Boating Accidents

Defense For Intoxicated Boater Says Client Not Responsible For Admitting He Drank Before Boat Crash


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Lipcon, Margulies, Alsina & Winkleman, P.A. is comprised of attorneys that are nationally-recognized industry leaders in the field of maritime and admiralty law. Our team of lawyers has over a century of combined experience, has successfully handled over 3,000 cases, and has recovered over 300 million dollars in damages for our clients.

Things could get ugly in the court room for one 23-year-old Marshfield man who was charged in connection to a 2011 fatal boat accident off Brant Rock. The suspect’s defense attorney, Gregory Sullivan, is arguing that his client, Justin McDonald, should not be held liable for admitting to police he had been drinking before the accident occurred.

McDonald has been charged with operating while intoxicated. He was piloting a motor boat on July 16, 2011and his friend, Steven “Zac” Woods, 23, was a passenger. McDonald hit a jetty off Brant Rock, which caused both men to fall into the water. McDonald was rescued by a kayaker but Woods was not found and his body was discovered a little over a week later by a town resident. Neither man had been wearing a life jacket when the boating accident occurred.

According to a Marshfield police report, McDonald admitted to having 10 beers during the day before the incident, which occurred just after 8 p.m., but claimed he was “a little buzzed,” but not drunk. The officer that arrested him also noted that he seemed to show no remorse and little concern for his missing friend. Police also said they found an empty 18-pack of beer under the vessel’s console and an open liquor-container near the steering wheel.

However, Sullivan said his client was not in the right state of mind to give that statement.

“Justin McDonald was in no position to give a knowing and intelligent waiver of his rights,” Sullivan argued, referring to a McDonald’s rights to remain silent and consult with a lawyer.

Sullivan argued his case during a suppression-of-evidence hearing on Thursday at Plymouth District Court. The hearing is to be continued on Nov. 30.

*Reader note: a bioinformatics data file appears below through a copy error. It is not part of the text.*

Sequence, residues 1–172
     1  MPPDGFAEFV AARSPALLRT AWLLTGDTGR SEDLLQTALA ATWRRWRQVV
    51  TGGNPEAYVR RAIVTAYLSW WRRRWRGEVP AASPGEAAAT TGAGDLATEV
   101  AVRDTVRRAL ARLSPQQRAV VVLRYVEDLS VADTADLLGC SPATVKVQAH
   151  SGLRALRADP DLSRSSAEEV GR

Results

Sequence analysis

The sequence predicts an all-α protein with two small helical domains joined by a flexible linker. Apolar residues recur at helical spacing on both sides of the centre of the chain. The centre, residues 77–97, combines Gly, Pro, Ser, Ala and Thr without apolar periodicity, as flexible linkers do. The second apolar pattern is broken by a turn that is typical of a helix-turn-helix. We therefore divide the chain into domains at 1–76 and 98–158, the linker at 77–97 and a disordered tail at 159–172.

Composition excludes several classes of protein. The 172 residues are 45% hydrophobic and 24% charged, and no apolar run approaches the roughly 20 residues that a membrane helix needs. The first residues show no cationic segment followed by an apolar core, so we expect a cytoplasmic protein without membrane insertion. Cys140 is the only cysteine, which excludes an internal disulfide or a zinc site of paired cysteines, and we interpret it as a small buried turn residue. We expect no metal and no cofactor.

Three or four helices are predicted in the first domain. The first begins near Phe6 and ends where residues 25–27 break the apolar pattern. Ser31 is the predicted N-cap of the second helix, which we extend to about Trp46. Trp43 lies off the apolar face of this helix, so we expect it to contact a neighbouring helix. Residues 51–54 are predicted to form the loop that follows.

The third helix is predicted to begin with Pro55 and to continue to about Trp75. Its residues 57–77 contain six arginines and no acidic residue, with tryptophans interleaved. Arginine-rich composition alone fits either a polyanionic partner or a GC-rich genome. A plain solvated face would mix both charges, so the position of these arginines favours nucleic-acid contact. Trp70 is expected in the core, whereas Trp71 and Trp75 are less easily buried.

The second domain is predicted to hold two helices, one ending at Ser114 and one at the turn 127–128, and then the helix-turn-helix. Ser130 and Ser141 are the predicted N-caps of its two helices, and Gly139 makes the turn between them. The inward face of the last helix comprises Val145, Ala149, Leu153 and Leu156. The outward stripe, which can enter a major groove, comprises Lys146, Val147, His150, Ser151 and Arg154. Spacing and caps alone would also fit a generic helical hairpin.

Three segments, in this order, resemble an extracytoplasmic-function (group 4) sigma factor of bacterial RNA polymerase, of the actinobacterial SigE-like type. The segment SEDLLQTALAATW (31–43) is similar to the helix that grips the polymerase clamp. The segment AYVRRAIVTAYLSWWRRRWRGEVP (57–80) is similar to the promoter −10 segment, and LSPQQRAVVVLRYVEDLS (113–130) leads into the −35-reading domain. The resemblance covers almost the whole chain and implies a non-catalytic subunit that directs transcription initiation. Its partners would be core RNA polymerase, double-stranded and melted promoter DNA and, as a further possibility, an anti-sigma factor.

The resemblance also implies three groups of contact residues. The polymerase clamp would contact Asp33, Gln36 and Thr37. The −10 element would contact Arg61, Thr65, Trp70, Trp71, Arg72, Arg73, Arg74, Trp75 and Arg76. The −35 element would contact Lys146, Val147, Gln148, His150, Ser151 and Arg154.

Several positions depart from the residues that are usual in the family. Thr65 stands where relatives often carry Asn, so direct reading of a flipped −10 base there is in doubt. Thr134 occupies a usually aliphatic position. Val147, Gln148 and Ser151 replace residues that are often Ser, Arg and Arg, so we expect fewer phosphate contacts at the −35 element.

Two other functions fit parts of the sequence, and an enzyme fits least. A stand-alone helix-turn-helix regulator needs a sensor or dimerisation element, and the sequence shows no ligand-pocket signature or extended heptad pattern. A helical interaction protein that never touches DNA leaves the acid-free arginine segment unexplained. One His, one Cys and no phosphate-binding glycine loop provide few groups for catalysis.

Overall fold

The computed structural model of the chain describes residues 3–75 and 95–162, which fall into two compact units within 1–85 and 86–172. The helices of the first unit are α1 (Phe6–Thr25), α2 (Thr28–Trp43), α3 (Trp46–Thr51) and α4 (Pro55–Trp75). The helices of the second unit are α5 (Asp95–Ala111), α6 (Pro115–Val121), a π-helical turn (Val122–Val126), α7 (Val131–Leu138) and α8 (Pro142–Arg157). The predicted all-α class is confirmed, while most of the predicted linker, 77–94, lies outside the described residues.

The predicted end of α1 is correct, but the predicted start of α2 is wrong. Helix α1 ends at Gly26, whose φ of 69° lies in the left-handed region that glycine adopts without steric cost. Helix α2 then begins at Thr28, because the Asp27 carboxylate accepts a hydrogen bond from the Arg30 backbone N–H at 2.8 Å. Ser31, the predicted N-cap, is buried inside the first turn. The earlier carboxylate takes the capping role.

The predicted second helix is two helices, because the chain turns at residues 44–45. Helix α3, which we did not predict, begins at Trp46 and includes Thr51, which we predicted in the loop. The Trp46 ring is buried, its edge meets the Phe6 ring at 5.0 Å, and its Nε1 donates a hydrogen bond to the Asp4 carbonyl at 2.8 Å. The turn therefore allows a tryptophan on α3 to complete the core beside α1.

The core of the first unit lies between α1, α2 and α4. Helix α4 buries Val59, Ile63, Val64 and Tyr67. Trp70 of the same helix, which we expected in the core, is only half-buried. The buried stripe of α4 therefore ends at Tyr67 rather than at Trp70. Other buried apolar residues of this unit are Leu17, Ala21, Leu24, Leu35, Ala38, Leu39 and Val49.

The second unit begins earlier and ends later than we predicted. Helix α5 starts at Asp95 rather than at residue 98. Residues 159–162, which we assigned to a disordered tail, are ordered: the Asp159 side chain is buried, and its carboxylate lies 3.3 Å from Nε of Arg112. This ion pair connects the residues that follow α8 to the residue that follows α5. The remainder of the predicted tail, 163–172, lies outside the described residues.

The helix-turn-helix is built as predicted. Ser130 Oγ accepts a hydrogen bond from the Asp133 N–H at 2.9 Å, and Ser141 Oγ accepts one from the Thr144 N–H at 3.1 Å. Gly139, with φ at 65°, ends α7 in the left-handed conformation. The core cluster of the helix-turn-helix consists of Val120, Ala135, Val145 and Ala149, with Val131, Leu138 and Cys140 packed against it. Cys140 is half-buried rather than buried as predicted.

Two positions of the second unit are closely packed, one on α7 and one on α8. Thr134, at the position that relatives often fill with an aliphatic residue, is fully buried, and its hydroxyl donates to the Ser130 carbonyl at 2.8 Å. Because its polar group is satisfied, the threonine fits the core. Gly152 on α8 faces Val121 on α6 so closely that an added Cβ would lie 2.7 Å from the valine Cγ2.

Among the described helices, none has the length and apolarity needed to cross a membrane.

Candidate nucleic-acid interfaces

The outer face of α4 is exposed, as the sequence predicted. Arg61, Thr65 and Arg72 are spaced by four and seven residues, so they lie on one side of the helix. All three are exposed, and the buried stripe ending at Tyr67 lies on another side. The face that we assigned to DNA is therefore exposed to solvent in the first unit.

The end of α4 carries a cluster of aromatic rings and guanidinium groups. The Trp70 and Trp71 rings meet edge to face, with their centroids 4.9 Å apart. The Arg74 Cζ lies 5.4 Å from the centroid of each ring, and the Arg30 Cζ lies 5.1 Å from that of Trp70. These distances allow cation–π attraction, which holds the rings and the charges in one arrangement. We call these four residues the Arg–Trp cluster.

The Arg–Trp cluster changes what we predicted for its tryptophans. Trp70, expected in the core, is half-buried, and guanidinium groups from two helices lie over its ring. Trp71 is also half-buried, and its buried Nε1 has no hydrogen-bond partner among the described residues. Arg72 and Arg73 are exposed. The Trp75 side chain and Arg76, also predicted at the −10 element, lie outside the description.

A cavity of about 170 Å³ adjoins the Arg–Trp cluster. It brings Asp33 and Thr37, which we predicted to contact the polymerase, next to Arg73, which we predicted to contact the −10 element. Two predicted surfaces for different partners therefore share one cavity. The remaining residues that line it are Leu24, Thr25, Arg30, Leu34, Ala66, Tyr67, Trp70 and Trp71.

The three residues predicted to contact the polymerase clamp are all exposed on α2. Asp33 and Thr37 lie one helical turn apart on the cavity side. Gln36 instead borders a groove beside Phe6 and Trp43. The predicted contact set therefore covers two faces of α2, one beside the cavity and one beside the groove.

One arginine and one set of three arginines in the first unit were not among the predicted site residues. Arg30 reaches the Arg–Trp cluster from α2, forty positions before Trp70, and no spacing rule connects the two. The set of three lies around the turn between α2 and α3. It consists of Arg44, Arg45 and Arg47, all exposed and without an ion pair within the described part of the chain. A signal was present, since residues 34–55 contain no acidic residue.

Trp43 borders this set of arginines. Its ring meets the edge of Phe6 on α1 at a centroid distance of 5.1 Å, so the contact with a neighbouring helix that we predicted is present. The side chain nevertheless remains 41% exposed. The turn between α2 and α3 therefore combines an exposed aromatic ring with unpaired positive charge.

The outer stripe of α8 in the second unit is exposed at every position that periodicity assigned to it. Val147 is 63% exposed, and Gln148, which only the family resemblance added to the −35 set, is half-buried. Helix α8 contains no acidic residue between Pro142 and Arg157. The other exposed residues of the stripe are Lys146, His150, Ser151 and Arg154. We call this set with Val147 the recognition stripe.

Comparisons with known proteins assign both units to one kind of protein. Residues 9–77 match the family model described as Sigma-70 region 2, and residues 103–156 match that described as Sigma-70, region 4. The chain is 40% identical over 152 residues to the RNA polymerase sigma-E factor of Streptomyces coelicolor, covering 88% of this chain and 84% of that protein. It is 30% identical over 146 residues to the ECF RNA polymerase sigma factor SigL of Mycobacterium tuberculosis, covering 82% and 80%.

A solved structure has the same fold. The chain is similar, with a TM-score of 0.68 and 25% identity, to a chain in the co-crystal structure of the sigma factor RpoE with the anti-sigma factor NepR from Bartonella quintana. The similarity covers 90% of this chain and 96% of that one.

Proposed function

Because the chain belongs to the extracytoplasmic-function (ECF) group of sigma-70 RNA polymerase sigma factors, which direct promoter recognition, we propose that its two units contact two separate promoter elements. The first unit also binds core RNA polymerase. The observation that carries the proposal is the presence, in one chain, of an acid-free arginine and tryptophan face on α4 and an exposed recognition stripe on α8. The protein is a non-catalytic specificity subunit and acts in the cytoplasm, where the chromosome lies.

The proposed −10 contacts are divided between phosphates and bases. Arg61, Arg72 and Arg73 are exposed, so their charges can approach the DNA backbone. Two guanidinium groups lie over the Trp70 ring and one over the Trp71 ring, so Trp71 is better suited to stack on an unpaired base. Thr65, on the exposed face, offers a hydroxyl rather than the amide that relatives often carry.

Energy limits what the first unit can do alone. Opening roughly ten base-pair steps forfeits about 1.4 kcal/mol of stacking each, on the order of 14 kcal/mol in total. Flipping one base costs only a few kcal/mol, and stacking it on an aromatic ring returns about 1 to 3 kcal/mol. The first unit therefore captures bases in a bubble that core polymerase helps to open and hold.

While McDonald is being charged with Boating Under the Influence (BUI), the accident allegedly was caused by a steering malfunction. However, for some people, even one drink can cause a significant decrease in motor skills, judgment, vision, and coordination. Even though some might think that operating under the influence laws only apply to automobiles, federal and maritime law prohibits all boaters, from cruise ship operators to rowboat operators, from BUI.

Boating under the influence of alcohol or drugs largely contributes to the number of maritime accidents, as does operating a vessel without sufficient experience or simply not paying attention to the surroundings. Boating accidents can be extremely severe, often leading to severe injuries and fatalities. However, those involved in a boat accident have a right to consult with a maritime lawyer to protect their rights. If you or someone you know was hurt or killed in an accident involving a motor boat, sail boat, jet ski, or any other type of pleasure craft, turn to our boat accident lawyers immediately for legal assistance in filing a case.

Lipcon, Margulies, Alsina & Winkleman, P.A. have been representing victims of boat accidents since 1971. You may also be entitled to receive compensation for your pain and suffering, which may include money damages, medical care and even property damage reimbursement. To see if you and your loved ones qualify for any settlement for your injuries or losses, contact our maritime attorneys today and schedule a free consultation to discuss your rights and benefits.


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